Community Catechesis: Climate Crisis and Christian Calling

Photo: Allec Gomes, https://unsplash.com/photos/LyjaIuQkCvc

In a 1988 letter from the Conference of Catholic Bishops in the Philipines entitled, “What is Happening to our Beautiful Land?” the Bishops called on all Christians and people of good will to notice and take action regarding the growing ecological devastation that was spreading across their islands and around the world. After outlining the problem and providing some theological reflections, the bishops offered a series of practical recommendations for individuals, churches, and governments. While we in Canada have become accustomed to these kinds of practical recommendations being around issues of consumption, “You should recycle more, eat less meat, stop flying, reduce your driving, add more insulation,” etc., the calls that these Filipino bishops made were for individuals to build solidarity through community groups and direct action on the land.

The emphasis on solidarity with communities and the land, and I would add, all living creatures, is an important element of what Christian social teaching has come to call “integral ecology”, an approach to thinking about environmental issues that focuses on showing how “the environment” is not just one of a number of political issues but is in fact integrally connected to all sorts of issues. In our Manitoba context, we might think about the hog industry as an example of a sector that provides all sorts of intersecting opportunities to build solidarity across different vectors. The industry employs a lot of temporary foreign workers at multiple levels, so there are opportunities to build solidarity around immigration and labour rights. There are questions of animal welfare that can help us build solidarity between eaters, producers, and the wellbeing of pigs. Finally, there is the issue of how feed is procured and how waste is treated that creates opportunities for building practices of solidarity with the soil and the waterways affected.

As Wendell Berry reminds us, when we eat ““we depend upon other creatures and survive by their deaths. To live, we must daily break the body and shed the blood of Creation. When we do this knowingly, lovingly, skillfully, reverently, it is a sacrament. When we do it ignorantly, greedily, clumsily, destructively, it is a desecration. In such desecration we condemn ourselves to spiritual and moral loneliness, and others to want.“ But what does it mean to break the body and shed the blood of creation “knowingly, lovingly, skillfully,” or “reverently”? At this point, many might think about local solutions, investing in local food production, or tackling neighbourhood issues. However, the critical feminist, Val Plumwood has given a really important warning about focusing on the local too exclusively. According to Plumwood, for every local place or food system, there are countless shadow places. Shadow places are the places that take our pollution, waste, exhaust their soil fertility, and have their labour exploited. These can be quite near us, or far away, but every system of production and consumption inevitably creates these places. One of the challenges that we are confronted in building solidarity in the face of climate change is that all of our local efforts always have implications for these shadow-places, and we should take care to build our coalitions in such a way that does not forget this.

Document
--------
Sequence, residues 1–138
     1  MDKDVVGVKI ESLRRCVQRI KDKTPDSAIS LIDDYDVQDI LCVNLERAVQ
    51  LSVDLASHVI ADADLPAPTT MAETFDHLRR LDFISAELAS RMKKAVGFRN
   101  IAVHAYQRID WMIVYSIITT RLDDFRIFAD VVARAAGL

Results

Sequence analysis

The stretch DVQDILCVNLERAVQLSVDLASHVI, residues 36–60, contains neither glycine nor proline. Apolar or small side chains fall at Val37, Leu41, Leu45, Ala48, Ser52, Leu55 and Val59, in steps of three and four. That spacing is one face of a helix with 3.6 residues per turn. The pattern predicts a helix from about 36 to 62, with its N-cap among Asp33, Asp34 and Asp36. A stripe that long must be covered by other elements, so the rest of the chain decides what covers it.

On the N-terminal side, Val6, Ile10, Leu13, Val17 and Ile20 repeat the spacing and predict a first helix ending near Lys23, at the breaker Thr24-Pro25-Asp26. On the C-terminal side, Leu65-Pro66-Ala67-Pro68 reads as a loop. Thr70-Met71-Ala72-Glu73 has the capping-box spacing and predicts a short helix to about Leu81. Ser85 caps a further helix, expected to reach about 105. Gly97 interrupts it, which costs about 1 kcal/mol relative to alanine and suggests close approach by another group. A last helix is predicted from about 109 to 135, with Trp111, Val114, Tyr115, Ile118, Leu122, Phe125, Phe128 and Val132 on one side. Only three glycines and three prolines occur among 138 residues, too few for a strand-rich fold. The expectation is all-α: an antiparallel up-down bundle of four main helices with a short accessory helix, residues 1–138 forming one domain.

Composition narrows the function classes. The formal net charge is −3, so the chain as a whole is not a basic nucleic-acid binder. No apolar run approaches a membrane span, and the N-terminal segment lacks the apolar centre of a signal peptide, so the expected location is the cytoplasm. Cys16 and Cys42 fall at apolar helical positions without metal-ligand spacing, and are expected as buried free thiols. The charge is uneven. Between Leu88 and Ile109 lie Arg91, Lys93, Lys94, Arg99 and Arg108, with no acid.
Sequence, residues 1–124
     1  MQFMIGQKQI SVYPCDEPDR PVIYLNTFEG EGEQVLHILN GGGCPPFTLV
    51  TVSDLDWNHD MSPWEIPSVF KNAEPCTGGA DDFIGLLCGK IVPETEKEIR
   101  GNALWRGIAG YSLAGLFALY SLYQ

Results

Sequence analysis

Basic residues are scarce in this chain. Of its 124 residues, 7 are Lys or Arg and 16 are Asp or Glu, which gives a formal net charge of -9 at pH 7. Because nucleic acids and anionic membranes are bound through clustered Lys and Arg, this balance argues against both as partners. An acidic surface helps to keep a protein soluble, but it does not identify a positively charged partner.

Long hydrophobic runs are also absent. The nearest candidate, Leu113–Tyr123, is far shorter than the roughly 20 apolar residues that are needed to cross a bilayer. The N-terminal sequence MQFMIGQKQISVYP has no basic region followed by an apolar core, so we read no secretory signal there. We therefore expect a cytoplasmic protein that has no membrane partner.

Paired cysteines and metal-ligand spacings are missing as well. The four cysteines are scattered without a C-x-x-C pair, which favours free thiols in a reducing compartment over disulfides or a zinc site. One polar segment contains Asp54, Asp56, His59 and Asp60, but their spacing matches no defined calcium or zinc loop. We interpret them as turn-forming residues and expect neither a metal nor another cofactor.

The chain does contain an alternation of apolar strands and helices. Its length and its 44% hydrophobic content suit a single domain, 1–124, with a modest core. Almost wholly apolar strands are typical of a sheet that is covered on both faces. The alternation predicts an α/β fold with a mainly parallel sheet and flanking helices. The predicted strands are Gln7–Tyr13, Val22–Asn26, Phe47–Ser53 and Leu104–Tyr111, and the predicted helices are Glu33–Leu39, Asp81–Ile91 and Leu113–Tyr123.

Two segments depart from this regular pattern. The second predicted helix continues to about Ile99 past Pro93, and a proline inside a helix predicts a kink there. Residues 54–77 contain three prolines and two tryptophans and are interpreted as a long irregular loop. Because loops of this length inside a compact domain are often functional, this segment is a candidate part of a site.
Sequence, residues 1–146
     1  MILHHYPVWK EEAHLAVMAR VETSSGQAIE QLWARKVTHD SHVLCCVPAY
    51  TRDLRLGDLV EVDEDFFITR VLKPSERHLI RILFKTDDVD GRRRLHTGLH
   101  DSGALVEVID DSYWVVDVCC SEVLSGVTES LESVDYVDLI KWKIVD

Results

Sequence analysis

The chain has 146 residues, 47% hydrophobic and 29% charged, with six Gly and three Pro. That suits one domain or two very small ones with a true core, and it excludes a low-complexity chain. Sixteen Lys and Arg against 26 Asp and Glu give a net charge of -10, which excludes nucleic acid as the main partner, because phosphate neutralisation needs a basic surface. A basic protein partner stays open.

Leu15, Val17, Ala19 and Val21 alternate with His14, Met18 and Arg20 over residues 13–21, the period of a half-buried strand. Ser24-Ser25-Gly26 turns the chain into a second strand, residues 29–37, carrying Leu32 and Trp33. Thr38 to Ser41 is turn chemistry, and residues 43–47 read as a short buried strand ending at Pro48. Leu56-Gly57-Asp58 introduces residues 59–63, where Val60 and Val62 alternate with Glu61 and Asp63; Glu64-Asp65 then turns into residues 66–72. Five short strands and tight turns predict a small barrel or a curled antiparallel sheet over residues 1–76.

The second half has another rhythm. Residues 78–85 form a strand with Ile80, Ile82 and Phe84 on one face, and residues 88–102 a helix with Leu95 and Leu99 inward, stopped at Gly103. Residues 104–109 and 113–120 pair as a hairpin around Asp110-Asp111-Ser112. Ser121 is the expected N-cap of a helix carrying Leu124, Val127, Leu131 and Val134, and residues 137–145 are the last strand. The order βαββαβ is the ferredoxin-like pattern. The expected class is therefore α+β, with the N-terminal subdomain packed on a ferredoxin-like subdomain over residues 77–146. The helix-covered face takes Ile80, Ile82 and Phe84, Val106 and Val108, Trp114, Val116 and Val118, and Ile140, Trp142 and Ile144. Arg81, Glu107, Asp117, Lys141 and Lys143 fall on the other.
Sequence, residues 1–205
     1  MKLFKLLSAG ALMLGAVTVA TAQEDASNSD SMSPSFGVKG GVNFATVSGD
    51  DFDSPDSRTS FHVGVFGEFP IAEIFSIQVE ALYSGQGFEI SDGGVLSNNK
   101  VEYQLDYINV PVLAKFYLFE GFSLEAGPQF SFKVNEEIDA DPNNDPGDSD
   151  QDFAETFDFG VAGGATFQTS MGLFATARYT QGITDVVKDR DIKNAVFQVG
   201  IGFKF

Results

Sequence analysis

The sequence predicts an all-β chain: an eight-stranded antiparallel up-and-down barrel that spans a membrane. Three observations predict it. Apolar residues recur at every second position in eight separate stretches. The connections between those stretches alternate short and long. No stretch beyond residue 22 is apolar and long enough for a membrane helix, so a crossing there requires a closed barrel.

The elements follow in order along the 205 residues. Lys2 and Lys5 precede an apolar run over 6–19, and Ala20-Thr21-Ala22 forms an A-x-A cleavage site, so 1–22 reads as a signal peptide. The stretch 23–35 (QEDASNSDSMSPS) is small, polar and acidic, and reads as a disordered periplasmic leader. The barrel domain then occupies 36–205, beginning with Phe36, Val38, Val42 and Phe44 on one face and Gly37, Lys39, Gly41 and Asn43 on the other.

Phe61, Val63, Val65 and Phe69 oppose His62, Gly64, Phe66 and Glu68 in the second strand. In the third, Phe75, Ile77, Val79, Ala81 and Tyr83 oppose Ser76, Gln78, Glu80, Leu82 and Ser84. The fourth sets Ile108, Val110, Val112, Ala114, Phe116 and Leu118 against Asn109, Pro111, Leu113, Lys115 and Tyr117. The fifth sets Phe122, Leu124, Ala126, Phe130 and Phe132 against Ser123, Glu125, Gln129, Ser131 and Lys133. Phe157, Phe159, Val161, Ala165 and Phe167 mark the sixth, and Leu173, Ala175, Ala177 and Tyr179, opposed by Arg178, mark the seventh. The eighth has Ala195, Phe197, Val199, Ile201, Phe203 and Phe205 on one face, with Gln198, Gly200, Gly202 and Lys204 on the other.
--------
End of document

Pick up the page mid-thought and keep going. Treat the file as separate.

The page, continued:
This June, St. Margaret’s Anglican Church and A Rocha Manitoba are joining forces to host a joint conference on climate change and creation care. This is the first in an annual conference series by A Rocha called “Consider the Lilies” and the St. Margaret’s contribution for this inaugural event is entitled “Be Not Afraid.” There will be a variety of speakers and workshop facilitators that will help lead Christians in theological reflection on the challenge that the climate crisis and care for our common home present to all people. There will be lectures and presentations from world-leading international ecotheologians like Norman Wirzba and Anupama Ranawana, as well as contributions from more local leaders like Trevor Herriot and staff from A Rocha Manitoba and St. Margarets. The challenge before the church and the world is large, but there have been faithful voices from around the world, like the Filipino Bishops I mentioned above, who have been faithfully thinking, working, and responding to the issues of creation care for generations. We are not in this moment alone, and you are all invited to join us as we listen, learn, and take steps to respond this June.

For more details about the full schedule for the conference and to register, please visit: arocha.ca/consider

Author

  • Ryan Turnbull

    Ryan Turnbull is a Theologian based in Winnipeg, MB. Having grown up on a cattle ranch in western Manitoba, Ryan Turnbull has a deep interest in the intersection of theology, decolonization, ecology, place, and friendship.

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